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Deceptive elections in Chad

Saturday 4 May 2024, by Paul Martial

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The presidential election campaign has begun in Chad. Everything is being done to ensure that Déby wins despite the worsening difficulties faced by the population.

Ten candidates are standing for the presidential election in Chad, to be held on 6 May. The election will take place at the end of a three-year transition period, which was initially scheduled to last 18 months. This transition, which was the result of a coup d’état, is headed by Mahamat Déby, who succeeded his father, himself a coup plotter.

Neutralizing the opposition

Of course, when he became president of the transition, Déby pledged not to be a candidate in the presidential election. Obviously, this promise was not kept. His three years in power have mirrored his father’s thirty years. A mixture of ferocious repression, with dozens of deaths and hundreds of imprisonments during demonstrations, and co-optations of opponents into the government and various institutions. As a result, the main opposition figure Succès Masra has found himself, from exile, in the prime ministership.

The ten candidates thus include Déby and his current Prime Minister Succès Masra. Many Chadians suspect that there is a deal between the two to ensure that they remain in power. Another candidate is former prime minister Albert Pahimi Padacké, and others whose sole function is to act as stooges in a highly undemocratic election.

Preparing the ground

Indeed, every measure has been taken to ensure that Déby wins. State resources have been made available for his election campaign. The National Election Management Agency, which is organizing the ballot, is headed by a member of the presidential party, the MPS. The Constitutional Council, which is supposed to monitor the electoral process, is chaired by Jean-Bernard Padaré, a former MPS spokesman. Radical opposition candidates are excluded from the campaign. The most dangerous opponent for Déby, Yaya Dillo, was assassinated in February.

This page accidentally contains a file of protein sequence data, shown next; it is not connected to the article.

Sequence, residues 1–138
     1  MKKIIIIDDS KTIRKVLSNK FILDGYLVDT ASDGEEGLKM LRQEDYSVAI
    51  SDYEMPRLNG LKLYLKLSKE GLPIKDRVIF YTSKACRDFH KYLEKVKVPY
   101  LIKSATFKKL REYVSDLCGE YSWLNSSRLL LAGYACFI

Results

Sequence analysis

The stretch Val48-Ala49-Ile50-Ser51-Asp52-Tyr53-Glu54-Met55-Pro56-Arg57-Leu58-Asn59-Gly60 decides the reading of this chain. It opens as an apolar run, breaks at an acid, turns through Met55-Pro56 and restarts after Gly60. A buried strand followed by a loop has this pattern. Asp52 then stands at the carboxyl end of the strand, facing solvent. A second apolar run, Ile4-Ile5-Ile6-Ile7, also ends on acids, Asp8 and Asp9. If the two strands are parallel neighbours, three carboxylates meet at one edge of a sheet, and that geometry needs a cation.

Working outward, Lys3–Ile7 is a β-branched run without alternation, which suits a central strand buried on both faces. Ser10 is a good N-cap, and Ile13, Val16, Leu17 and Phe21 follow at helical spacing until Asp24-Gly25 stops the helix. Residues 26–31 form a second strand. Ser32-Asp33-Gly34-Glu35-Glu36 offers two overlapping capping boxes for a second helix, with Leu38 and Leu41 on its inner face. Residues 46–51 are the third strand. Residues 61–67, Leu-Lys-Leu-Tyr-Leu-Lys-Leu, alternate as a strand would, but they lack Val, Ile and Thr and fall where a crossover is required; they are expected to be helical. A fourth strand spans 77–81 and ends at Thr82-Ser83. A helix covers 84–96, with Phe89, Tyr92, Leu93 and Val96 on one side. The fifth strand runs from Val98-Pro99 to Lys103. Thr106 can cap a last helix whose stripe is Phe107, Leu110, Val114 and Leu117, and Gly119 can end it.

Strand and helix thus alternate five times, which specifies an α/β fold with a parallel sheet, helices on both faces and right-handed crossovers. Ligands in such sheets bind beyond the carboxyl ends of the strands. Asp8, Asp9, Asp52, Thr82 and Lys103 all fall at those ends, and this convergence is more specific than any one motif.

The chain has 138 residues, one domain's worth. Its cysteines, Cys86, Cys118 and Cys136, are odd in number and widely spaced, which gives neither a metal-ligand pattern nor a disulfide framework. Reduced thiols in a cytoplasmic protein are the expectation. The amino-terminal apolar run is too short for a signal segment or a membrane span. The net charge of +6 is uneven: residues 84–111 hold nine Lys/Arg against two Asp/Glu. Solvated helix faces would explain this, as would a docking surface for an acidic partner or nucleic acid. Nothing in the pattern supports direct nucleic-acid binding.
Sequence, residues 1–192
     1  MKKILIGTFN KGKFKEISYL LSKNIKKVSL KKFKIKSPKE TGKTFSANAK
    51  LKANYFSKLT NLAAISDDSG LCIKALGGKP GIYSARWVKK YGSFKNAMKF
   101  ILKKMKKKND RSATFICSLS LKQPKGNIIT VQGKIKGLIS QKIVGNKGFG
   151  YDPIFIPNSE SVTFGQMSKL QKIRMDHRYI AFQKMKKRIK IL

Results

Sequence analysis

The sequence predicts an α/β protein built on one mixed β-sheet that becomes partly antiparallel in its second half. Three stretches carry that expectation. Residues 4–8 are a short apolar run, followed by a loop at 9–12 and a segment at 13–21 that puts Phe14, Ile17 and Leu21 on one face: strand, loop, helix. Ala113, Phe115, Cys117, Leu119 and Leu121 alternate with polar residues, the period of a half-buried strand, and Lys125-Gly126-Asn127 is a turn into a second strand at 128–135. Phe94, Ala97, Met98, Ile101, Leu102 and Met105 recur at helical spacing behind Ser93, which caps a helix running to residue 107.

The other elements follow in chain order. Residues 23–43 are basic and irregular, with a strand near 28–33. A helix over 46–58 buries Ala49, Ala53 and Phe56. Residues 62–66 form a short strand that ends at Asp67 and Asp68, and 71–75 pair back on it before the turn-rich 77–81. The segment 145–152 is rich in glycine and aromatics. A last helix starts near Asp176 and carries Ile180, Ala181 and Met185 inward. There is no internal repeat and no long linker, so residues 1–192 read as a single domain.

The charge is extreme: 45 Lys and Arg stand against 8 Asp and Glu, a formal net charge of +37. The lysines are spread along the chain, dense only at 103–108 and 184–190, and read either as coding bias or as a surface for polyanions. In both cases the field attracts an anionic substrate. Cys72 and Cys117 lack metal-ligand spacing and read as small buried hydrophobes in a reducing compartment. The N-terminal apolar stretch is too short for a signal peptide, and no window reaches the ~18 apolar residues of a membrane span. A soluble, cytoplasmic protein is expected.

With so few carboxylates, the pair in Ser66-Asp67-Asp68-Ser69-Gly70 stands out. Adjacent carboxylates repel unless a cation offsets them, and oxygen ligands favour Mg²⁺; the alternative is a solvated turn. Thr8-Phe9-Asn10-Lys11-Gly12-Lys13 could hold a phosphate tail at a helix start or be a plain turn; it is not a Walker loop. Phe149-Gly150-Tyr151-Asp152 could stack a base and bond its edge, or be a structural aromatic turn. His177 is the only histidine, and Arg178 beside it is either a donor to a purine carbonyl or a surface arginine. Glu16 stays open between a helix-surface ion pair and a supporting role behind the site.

Déby has also taken precautions internationally to ensure that his dynastic seizure of power is not condemned. His meeting with Putin in Russia was a clear signal to France that its three outposts with its thousand soldiers would not last forever. This message was well received, as Jean-Marie Bockel, Macron’s special envoy to Africa for military matters, expressed, a week after Dillo’s murder, France’s “admiration for the process” that Déby had initiated. In addition, the Chadian authorities asked the US defence attaché “to immediately halt US activities at the Koseï air base”. A warning to the United States, which has already been forced to dismantle its drone base in Niger.

Social and economic crisis

During the transition period, while rights and freedoms have deteriorated, the social and economic situation of Chadians has also worsened. Fuel prices rose by almost 40%, causing inflation on all basic necessities. This has been compounded by more frequent and longer power cuts, putting a brake on economic activity. Exasperated, public sector workers at various general assemblies pushed the trade unions to call a general strike at the end of February. All the more so since many people are wondering what happened to the oil money that Chad has been extracting for the last twenty years. Chad is ranked 187th out of 189 countries on the Human Development Index (HDI).

At the end of the social conflict, which lasted nearly three weeks, the government undertook to pay wage arrears for 2023 and to increase the monthly cost-of-living allowance in remote areas of the country, but it remained adamant about raising fuel prices.

It is not certain that the electoral manoeuvres taking place in a deteriorating social and political climate will bring about the stability in Chad so desired by the Western powers.

2 May 2024

Translated by International Viewpoint from l’Anticapitaliste.


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